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A lot of people don't realize how easy it is to make the changes to their 401(k) that would protect them from a market collapse. Only one in six 401(k) participants ever change the investments in their plan, according to U.S. News. Either they don't believe they are allowed to rebalance, or they don't know how.
Moreover, many investors wrongly believe their 401(k) assets are required to stay invested in the markets, no matter what the structural risks are. They've heard about the onerous tax penalties and fees associated with "early withdrawal," so they don't touch them at all.
So every time there's a major market downturn, they lose.
Most importantly, they don't know that moving into a money market fund will protect those assets from a market crash.
But it doesn't have to be that way.
Money Market Funds Provide Market Crash Protection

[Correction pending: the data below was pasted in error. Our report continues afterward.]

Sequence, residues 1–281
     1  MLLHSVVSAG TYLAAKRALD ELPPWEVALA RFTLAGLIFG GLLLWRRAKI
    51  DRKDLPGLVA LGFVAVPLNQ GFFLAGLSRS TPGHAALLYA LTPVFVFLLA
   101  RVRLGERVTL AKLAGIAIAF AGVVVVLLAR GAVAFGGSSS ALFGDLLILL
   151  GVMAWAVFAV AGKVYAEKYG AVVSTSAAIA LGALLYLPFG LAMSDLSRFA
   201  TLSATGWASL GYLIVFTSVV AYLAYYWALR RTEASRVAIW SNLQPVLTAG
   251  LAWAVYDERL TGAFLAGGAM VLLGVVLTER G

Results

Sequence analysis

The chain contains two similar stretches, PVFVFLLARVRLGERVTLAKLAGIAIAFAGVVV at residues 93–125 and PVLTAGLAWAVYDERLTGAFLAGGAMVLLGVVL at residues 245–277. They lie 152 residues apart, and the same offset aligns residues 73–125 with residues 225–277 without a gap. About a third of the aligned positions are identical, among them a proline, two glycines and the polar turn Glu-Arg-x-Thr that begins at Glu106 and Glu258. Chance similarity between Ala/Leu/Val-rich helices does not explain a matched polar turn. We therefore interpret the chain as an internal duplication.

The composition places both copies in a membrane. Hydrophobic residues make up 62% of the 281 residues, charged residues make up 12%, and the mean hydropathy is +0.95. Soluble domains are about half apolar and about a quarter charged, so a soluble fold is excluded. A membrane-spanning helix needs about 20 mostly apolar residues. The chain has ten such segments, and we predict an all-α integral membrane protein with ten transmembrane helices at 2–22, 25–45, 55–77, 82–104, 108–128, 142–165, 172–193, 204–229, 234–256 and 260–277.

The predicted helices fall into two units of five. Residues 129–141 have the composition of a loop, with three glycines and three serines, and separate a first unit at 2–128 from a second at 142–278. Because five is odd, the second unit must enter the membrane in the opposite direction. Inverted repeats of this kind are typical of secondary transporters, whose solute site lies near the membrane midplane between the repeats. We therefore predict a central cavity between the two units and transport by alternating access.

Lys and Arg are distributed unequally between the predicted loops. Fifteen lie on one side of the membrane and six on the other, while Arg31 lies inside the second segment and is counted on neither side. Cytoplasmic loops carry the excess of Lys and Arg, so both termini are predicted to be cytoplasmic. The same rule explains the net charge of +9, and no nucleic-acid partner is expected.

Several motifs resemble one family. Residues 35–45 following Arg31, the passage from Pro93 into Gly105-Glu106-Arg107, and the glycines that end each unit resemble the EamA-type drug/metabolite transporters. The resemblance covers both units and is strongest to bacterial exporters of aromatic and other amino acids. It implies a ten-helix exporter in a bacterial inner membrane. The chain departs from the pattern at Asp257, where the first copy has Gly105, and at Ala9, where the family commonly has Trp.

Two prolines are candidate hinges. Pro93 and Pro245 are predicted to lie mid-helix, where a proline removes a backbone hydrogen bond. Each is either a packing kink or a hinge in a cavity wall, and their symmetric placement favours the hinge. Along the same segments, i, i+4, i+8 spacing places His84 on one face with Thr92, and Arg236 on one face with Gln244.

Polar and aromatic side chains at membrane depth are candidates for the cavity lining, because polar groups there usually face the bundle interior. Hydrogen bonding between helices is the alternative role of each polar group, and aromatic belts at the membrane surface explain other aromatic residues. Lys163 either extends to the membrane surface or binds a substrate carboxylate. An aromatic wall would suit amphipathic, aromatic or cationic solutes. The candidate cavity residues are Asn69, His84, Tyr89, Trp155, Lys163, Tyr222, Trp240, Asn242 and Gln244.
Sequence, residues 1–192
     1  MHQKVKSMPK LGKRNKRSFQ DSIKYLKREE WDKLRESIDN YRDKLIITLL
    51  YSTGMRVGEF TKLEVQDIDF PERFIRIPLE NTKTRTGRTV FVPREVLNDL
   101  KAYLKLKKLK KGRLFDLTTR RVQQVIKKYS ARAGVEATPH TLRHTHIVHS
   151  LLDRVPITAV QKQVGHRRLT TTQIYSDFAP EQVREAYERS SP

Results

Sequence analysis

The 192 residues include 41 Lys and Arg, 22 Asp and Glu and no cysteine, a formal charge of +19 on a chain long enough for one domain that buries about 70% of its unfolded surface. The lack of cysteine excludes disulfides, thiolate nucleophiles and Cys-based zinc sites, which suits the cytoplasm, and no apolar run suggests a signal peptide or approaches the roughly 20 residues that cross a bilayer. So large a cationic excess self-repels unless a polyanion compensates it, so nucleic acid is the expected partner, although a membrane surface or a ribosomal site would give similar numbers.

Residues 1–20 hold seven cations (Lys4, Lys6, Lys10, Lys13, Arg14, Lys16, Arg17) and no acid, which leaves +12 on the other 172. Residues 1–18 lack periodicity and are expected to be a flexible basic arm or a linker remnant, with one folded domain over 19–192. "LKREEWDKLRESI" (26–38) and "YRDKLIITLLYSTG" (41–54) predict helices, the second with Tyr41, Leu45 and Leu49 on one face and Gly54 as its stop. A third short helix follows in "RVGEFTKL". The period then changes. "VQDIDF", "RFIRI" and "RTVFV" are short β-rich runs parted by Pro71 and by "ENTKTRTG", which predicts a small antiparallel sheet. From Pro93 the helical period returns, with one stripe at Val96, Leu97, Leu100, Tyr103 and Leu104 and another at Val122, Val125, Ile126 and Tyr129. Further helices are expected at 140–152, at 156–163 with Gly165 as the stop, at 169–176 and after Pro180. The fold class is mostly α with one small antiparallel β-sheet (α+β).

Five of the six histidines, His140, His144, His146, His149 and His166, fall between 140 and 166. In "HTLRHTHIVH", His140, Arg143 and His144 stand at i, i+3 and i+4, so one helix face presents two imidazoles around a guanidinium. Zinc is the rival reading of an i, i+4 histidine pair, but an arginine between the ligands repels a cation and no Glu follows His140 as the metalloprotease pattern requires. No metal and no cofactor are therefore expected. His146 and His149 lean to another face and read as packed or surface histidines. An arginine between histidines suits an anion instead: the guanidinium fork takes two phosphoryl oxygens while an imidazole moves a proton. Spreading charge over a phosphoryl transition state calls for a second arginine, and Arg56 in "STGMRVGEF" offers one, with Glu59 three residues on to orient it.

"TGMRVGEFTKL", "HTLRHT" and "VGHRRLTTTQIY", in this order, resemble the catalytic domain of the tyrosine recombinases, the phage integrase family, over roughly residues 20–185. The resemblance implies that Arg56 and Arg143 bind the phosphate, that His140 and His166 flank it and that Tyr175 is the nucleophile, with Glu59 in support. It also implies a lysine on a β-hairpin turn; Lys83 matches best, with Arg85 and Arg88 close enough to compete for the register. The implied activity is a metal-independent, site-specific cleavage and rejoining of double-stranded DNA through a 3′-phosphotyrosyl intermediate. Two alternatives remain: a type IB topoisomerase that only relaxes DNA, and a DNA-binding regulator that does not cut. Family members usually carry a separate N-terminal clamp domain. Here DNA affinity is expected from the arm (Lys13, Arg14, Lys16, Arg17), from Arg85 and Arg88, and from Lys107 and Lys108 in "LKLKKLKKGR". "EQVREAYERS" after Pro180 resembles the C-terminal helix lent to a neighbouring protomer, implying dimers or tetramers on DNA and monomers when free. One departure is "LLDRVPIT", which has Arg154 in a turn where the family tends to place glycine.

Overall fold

The best way to protect your 401(k) balance from a market crash is to re-allocate some of your money into one of the money market fund investment options. Most 401(k) plans offer at least one such option.
Money market funds are simply mutual funds that invest in short-term (less than one year) securities representing high-quality, liquid debt and monetary instruments. These often include short-term government securities, companies, and repurchase agreements.
In most cases the goal is to maintain a net asset value (NAV) of $1 per share while offering a modest return.
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In many ways, they're like a savings account – a safe and accessible place to store your cash, but better.
You see, money market funds pay much higher "interest."
The average savings account interest rate is a dismal 0.06%, according to the FDIC (as of September 2014).
Most money market funds beat that handily, yielding usually 0.01% every seven days, or 0.52% annually, thanks to the structure of the bonds.
Money market funds are extremely low-risk, too. In fact, there are rules that automatically reduce risk. No investment in the fund can exceed 13 months in duration, and the average weighted maturity in the portfolio is 60 days or less. And these funds are not subject to market timing considerations; you can buy and sell them at any time.
And of course the most important thing is that because they're not invested in equities, money market funds don't lose value in a stock market crash.
Here's how to get started: